Earthquakes send seismic waves through the Earth’s layers at the same speed. The South Pacific Ocean’s Kermadec Islands region experienced a strong earthquake in May 1997. A second large earthquake struck the same site in September 2018, just over 20 years later, with its seismic energy coming from the same area.
In data recorded at four of more than 150 Global Seismographic Network stations that log seismic vibrations in real-time, a new study found an anomaly among the twin events: During the 2018 earthquake, a set of seismic waves known as SKS waves traveled about one second faster than their counterparts had in 1997.
This one-second difference in SKS wave travel time offers a crucial and unprecedented glimpse of what’s going on further inside the Earth’s interior and outer core.
The Earth could not sustain life without its magnetic field, and the magnetic field wouldn’t work without the moving flows of liquid metal in the outer core. However, scientific understanding of this dynamic is based on simulations.
Ying Zhou, a geoscientist with the Department of Geosciences at the Virginia Tech College of Science, said, “We only know that in theory, if you have convection in the outer core, you’ll be able to generate the magnetic field.”
Additionally, scientists have only been able to guess the cause of the gradually observed variations in the magnetic field’s strength and direction, which most likely entail changing flows in the outer core.
Zhou said, “If you look at the north geomagnetic pole, it’s currently moving at a speed of about 50 kilometers [31 miles] per year. It’s moving away from Canada and toward Siberia. The magnetic field is not the same every day. It’s changing. Since it’s changing, we also speculate that convection in the outer core changes with time, but there’s no direct evidence. We’ve never seen it.”
Zhou set out to find that evidence. She said, “The changes happening in the outer core aren’t dramatic, but they’re worth confirming and fundamentally understanding.”
In seismic waves and their changes in speed on a decade time scale, Zhou saw a means for “direct sampling” of the outer core. That’s because the SKS waves she studied pass right through it.
“SKS” represents three phases of the wave:
- It goes through the mantle as an S wave or shear wave.
- Into the outer core as a compressional wave.
- Back out through the mantle as an S wave.
How fast these waves travel depends partly on the density of the outer core in their path. If the thickness is lower in a region of the outer core as the wave penetrates, the wave will travel faster, just as the anomalous SKS waves did in 2018.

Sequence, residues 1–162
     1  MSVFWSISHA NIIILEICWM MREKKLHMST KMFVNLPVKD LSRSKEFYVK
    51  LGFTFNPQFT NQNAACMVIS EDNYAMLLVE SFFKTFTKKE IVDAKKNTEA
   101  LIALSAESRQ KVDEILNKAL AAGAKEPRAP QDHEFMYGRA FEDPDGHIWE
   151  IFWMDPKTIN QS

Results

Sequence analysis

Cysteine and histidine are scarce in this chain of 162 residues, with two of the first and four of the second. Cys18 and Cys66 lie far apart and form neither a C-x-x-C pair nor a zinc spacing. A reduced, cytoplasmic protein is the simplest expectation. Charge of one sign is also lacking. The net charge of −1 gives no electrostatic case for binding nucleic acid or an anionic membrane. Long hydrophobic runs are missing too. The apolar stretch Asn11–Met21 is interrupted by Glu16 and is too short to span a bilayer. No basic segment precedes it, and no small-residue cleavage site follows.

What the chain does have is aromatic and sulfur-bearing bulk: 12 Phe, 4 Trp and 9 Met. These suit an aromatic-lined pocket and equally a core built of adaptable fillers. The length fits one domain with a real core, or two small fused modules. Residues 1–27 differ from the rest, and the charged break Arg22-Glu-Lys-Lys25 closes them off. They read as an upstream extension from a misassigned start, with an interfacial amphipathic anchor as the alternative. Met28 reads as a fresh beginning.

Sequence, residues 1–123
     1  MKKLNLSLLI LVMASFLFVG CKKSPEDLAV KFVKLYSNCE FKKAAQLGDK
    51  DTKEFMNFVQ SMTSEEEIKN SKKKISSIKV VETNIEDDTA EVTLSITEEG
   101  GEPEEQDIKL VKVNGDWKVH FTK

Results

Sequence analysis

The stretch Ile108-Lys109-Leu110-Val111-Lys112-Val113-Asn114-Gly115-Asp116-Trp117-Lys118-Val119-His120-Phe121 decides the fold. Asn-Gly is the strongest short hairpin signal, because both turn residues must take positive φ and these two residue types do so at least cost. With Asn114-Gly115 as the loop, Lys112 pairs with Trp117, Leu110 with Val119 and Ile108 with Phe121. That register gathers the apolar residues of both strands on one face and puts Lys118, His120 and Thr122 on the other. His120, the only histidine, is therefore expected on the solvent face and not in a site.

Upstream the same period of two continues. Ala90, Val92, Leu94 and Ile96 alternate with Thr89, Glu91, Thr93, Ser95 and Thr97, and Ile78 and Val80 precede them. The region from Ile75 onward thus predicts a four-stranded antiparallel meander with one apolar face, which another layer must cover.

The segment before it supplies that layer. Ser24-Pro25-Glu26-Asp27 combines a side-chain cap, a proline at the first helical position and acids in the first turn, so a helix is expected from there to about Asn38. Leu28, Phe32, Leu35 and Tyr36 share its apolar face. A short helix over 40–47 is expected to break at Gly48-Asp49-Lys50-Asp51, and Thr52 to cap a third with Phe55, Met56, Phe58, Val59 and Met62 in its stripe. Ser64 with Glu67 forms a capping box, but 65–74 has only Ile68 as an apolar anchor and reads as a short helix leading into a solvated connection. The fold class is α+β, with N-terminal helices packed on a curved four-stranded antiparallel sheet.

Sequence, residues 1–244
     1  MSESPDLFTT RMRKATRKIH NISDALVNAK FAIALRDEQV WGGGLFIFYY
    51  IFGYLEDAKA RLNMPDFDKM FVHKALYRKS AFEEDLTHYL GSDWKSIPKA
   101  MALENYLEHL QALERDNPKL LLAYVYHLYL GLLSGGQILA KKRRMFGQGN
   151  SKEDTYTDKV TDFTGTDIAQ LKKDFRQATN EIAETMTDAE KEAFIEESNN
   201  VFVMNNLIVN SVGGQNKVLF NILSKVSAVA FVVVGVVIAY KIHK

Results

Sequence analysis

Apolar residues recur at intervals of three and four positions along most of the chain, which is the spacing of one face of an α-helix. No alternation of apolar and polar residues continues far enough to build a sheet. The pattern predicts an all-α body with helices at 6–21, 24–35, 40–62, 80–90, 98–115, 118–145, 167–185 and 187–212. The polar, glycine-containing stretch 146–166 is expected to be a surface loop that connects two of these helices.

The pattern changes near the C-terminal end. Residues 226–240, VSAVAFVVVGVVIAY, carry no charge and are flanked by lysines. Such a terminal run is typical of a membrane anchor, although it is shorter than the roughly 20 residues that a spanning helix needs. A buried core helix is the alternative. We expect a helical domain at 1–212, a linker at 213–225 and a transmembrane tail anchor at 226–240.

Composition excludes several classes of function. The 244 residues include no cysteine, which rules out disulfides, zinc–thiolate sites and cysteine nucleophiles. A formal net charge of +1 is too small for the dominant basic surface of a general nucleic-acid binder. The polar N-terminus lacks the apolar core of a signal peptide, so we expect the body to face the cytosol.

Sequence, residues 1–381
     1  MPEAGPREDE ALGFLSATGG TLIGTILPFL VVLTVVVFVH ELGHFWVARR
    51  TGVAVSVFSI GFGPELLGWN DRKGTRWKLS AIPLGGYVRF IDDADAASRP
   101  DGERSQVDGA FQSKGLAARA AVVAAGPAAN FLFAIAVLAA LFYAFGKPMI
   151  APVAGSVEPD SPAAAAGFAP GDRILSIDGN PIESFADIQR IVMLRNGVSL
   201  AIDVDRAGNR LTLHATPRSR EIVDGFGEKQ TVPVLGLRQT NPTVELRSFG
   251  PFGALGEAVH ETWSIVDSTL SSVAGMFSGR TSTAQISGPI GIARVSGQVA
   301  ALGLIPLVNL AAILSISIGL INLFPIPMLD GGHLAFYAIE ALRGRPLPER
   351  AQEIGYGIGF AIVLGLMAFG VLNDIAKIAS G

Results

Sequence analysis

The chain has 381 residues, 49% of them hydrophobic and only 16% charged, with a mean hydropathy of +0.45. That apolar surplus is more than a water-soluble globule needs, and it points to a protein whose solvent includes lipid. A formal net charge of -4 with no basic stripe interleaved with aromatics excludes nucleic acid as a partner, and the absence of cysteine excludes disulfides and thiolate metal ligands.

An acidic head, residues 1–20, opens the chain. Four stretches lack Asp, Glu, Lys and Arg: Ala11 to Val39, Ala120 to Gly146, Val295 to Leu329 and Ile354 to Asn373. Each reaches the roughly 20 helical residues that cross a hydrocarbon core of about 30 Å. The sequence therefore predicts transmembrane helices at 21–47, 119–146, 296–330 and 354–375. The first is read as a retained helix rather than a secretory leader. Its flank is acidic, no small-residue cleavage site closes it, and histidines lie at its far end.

Zhou said, “Something has changed along the path of that wave so that it can go faster now.”
“The difference in wave speed points to low-density regions forming in the outer core in the 20 years since the 1997 earthquake. That higher SKS wave speed during the 2018 earthquake can be attributed to the release of light elements such as hydrogen, carbon, and oxygen in the outer core during convection as the Earth cools.”
“The material that was there 20 years ago is no longer there. This is new material, and it’s lighter. These light elements will move upward and change the density in the region where they’re located.”
“It’s evidence that movement is happening in the core, and it’s changing over time, as scientists have theorized. We’re able to see it now. If we can see it from seismic waves, in the future, we could set up seismic stations and monitor that flow.”
Scientists are further planning to analyze continuous seismic recordings from two seismic stations. One of them will act as a “virtual” earthquake source.
Zhou said, “We can use earthquakes, but the limitation of relying on earthquake data is that we can’t control the locations of the earthquakes. But we can control the locations of seismic stations. We can put the stations anywhere we want them to be, with the wave path from one station to the other station going through the outer core. If we monitor that over time, we can see how core-penetrating seismic waves between those two stations change. With that, we will be better able to see fluid movement in the outer core with time.”
- Zhou, Y. Transient variation in seismic wave speed points to fast fluid movement in the Earth’s outer core. Commun Earth Environ 3, 97 (2022). DOI: 10.1038/s43247-022-00432-7